In native Seminole culture, an owl can sometimes be a terrible omen. More often, however, it foreshadowed a need to prepare for coming obstacles. Our university, as a public institution dealing with its own share of obstacles amid the less-than- ideal national economic climate, has thrived scholastically. Both the recognition of and diversity among undergraduate researchers at the Florida State University have grown, despite the often stifling eco-political conditions. This academic victory is clearly demonstrated with the sustained success of this entirely student-run publication, made possible only by the unwavering support and encouragement of our university’s administration, staff, faculty, and student body.
Named after the original seal employed from 1851 to 1901 by West Florida Seminary, this journal has highlighted the continually astounding work of Florida State University’s emerging undergraduate scholars. The goal and mission of The OWL and the entire Student Council for Undergraduate Research and Creativity has, in keeping with native Seminole mythology, been to showcase the transcendence of these obstacles and communicate the necessity of continued academic vigilance.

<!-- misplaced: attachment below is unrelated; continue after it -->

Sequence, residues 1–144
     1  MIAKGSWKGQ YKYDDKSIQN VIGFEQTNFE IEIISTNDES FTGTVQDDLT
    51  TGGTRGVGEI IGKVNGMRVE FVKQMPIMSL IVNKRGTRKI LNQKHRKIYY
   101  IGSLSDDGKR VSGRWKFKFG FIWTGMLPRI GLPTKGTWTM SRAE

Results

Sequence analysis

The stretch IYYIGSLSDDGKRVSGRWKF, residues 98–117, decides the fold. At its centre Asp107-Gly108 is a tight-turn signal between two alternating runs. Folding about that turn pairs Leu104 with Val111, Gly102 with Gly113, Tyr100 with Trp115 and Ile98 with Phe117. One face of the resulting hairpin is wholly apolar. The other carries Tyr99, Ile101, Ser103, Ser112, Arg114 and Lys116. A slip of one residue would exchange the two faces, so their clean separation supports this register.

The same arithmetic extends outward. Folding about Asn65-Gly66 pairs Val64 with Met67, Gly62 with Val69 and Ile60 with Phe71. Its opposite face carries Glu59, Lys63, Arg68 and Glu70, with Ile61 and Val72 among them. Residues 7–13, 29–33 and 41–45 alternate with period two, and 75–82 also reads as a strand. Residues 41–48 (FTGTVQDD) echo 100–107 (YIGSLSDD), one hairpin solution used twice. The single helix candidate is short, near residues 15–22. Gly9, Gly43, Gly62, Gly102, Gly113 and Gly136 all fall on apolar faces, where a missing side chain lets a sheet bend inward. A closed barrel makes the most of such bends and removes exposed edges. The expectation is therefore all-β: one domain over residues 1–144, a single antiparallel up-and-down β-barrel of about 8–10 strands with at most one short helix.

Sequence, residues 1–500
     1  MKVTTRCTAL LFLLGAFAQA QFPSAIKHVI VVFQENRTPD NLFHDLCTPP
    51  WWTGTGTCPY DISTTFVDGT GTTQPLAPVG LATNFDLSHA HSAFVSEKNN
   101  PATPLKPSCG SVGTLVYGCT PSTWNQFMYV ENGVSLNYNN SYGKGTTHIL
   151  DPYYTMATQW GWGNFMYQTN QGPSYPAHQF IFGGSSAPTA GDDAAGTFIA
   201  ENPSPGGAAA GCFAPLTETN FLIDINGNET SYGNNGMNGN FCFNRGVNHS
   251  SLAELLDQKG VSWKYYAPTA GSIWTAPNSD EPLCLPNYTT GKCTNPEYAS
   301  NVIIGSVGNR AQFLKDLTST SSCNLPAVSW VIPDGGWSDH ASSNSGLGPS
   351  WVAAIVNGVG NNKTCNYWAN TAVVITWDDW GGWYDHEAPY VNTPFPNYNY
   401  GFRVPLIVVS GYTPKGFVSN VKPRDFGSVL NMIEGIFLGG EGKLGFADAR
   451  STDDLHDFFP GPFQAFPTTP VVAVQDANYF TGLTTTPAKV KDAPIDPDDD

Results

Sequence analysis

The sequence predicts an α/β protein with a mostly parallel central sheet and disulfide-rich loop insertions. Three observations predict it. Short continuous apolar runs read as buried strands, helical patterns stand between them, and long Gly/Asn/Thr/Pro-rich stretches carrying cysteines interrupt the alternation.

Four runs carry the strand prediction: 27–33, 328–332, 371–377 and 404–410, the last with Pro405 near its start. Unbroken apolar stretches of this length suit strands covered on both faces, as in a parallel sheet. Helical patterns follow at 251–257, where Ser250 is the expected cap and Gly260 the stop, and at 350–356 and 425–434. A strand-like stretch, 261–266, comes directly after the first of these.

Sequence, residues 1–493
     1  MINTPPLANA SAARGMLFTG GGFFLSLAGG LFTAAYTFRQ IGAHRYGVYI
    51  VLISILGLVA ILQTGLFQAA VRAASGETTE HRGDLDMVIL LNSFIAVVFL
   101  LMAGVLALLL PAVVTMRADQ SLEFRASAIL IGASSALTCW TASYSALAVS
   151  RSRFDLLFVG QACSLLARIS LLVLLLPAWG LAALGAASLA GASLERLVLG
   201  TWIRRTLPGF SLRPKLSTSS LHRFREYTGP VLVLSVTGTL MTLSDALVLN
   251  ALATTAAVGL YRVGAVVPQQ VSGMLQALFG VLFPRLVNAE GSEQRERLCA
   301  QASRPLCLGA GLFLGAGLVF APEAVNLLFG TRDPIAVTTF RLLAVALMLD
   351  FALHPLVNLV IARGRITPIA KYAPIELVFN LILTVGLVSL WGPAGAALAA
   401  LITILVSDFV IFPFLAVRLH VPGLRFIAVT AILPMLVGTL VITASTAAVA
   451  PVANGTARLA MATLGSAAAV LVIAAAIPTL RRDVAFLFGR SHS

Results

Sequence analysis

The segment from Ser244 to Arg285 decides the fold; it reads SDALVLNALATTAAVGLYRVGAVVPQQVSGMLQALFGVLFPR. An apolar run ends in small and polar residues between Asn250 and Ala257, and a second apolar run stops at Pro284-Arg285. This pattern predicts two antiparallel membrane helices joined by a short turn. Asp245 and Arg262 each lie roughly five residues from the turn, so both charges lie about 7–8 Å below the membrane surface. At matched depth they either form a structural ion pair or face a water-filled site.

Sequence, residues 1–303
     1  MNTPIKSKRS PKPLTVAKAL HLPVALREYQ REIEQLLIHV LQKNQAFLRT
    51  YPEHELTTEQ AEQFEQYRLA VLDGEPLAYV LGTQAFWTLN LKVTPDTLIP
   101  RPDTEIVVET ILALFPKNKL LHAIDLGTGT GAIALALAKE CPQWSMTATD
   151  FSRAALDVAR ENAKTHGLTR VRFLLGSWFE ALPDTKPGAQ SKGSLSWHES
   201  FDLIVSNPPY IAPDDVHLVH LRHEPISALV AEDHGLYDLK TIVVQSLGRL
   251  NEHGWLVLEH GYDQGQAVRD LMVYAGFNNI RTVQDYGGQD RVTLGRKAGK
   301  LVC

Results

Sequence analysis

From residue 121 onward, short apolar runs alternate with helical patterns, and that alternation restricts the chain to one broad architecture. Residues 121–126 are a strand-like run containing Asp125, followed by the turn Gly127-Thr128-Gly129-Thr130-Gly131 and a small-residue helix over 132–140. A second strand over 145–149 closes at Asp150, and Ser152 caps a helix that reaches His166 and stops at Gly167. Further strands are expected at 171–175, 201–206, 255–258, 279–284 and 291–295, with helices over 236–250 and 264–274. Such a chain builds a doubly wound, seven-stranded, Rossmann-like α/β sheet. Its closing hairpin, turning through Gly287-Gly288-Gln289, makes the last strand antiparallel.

Therefore, as yet another monument to this unabashedly UNCONQUERED top- tier institution, to its campus unmatched in facilities and scholastic resources, to the dedicated and hard-working administrators and staff, to the selfless faculty and advisors, to the generous and enthusiastic alumni and parents, and, most notably, to the dynamic scholastic resilience of our undergraduate students, it is with great honor and humility that we present to you the third volume of The Owl, The Florida State University Undergraduate Research Journal.
In Vires, Artes, Mores,